The inhaler of the invention is capable of dispensing accurate doses of liquid medicament in the form of atomised droplets of size suitable for inhalation therapy. The inhaler may be constructed in the form of a small battery powered, portable device, e.g., pocket sized, capable of being used to dispense metered doses of liquid drugs, as a replacement for conventional pressurised aerosol inhalers. The term "liquid drugs" includes drugs in solution form, e.g., in aqueous solution, ethanolic solution, aqueous/ethanolic mixture solution, etc. and in colloidal suspension form.
In a preferred embodiment of the invention the inhaler comprises means to detect a patient's inspiration associated with a triggering means in order that the inhaler may be automatically triggered at the correct point of a patient's breathing cycle thereby avoiding the need for the patient to co-ordinate inspiration with operation of the inhaler.
The aerosol generator used in the inhaler of the invention comprises a chamber for liquid medicament and a nozzle arrangement comprising a plurality of orifices in fluid flow relationship with the liquid in the chamber. The orifices typically have a maximum opening in the range 2 to 50 μm (microns) and produce atomised droplets having a size comparable to the diameter. For medicament intended to reach the alveoli of the lungs, the apertures desirably have a maximum opening of from 2 to 10 μm (microns), preferably below 5 μm (microns), in order to produce atomised droplets within that range. For liquid medicament intended to be administered to the nasal passage, mouth, throat or other parts of the respiratory system, the larger orifices may be employed. The orifices may have the same or different diameters. Preferably, the orifices are tapered towards the intended outlet for the liquid. The orifices are generally spaced from each other by distances within the range 20 to 200 microns. The nozzles may be fabricated by the same technique to manufacture microsieves, e.g., electro forming in nickel. Alternatively, the nozzle arrangement may be formed by patterned anisotropic etching through a thin semiconductor wafer, e.g., of silicon or germanium. Alternatively, plastics nozzle arrays may be used.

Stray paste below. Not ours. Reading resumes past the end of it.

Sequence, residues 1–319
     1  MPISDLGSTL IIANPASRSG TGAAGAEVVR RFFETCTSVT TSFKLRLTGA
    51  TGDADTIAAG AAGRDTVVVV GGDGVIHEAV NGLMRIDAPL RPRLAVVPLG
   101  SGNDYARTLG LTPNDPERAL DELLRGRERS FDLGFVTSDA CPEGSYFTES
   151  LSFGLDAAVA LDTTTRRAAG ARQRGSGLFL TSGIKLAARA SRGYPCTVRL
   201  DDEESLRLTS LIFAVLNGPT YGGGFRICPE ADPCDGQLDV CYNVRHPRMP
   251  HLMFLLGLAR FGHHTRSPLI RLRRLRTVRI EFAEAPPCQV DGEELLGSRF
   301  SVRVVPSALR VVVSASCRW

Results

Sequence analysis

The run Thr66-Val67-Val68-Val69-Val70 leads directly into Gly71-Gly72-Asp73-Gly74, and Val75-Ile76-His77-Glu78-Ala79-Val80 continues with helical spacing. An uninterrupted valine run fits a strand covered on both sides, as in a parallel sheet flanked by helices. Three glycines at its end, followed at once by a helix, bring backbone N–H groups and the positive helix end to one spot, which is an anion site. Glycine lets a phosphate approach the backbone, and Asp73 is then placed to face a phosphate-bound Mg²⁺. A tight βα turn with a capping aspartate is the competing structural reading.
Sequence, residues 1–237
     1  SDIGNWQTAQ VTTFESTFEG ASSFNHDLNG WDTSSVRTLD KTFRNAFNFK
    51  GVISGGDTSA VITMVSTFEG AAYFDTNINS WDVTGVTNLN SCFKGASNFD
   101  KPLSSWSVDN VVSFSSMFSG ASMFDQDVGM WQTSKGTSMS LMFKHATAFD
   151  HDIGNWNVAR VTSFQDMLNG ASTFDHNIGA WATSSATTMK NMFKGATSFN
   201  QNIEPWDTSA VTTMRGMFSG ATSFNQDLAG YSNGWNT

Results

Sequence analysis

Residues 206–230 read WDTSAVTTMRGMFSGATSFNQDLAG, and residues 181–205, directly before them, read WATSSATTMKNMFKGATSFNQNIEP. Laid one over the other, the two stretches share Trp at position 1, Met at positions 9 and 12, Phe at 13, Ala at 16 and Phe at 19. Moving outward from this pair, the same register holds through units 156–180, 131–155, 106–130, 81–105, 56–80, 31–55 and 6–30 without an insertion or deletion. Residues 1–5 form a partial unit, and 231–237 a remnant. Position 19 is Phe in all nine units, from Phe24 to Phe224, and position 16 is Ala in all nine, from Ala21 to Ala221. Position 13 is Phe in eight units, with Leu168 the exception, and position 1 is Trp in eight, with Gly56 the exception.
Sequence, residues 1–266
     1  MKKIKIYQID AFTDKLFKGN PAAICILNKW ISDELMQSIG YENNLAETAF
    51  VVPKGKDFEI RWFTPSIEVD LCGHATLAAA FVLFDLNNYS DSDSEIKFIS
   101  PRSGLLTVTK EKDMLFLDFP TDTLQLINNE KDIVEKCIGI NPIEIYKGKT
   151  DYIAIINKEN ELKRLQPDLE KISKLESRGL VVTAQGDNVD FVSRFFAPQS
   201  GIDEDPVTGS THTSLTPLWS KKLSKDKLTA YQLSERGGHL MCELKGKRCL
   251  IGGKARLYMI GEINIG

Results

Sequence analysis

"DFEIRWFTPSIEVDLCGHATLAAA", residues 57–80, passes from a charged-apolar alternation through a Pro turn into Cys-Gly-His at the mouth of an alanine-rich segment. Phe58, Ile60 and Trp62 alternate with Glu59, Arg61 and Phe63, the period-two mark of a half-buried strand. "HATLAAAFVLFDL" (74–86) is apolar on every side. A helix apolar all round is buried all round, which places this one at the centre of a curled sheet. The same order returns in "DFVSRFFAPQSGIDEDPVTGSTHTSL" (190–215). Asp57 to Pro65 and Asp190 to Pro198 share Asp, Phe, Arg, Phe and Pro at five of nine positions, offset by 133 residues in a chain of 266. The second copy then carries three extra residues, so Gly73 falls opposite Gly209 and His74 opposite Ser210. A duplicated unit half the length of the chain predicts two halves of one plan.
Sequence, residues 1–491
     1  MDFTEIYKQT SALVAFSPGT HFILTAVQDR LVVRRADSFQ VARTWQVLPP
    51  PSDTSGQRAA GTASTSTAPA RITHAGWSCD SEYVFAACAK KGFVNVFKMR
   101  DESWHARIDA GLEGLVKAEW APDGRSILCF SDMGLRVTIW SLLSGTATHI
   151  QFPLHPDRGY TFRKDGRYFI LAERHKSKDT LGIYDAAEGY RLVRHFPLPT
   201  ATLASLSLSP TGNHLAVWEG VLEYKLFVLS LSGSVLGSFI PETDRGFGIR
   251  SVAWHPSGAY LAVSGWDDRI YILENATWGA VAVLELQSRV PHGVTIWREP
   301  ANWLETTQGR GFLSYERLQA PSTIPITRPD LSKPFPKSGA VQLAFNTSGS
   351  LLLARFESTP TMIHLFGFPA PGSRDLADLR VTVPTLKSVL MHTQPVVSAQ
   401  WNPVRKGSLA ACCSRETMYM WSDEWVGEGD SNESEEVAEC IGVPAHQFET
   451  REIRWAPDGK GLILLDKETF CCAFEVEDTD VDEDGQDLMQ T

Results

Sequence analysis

The thickness of the nozzle arrangement is typically in the range 20 to 100 μm (microns).
A preferred nozzle array comprises an electroformed nickel foil about 10 μm thick with holes approximately 6 μm in diameter set on a 50 μm pitch. A reinforcing grid of about 60 μm thickness is electroformed over the thinner foil for additional strength. Such foils are commercially available from Stork-Veco BV of Holland and have been sold for use as microsieves.
The aerosol generator is constructed to cyclically pressurise liquid in the chamber causing the liquid periodically to be expelled through the orifices as atomised droplets of liquid. The cyclic pressurisation may be achieved utilising a piezo-electric element which is caused to vibrate ultrasonically and acts directly or indirectly on the liquid.
In one embodiment of the invention the chamber of the aerosol generator comprises a flexible disc forming or in contact with at least part of a wall of the chamber, the flexible disc being attached to a piezoelectric element, to form a vibrator element. The vibrator element is excited by a suitable resonant frequency typically in the ultrasonic range of 50 to 250 kHz, although the range 10 kHz to 500 kHz may be employed. Ultrasonic pressure waves propagate through the disc, cavity walls and liquid, resulting in liquid being forced periodically at ultrasonic frequencies through the nozzles. The use of a resonant mode above the fundamental mode frequency enables low drive voltages and power to achieve high liquid ejection flow rates through the nozzle arrangement. The flexible vibrator element may conveniently be positioned in a wall opposite to the nozzle arrangement, although this configuration is not essential and the vibrator element may be in any position which will propogate a pressure wave within the liquid causing droplets to be expelled through the nozzle arrangement.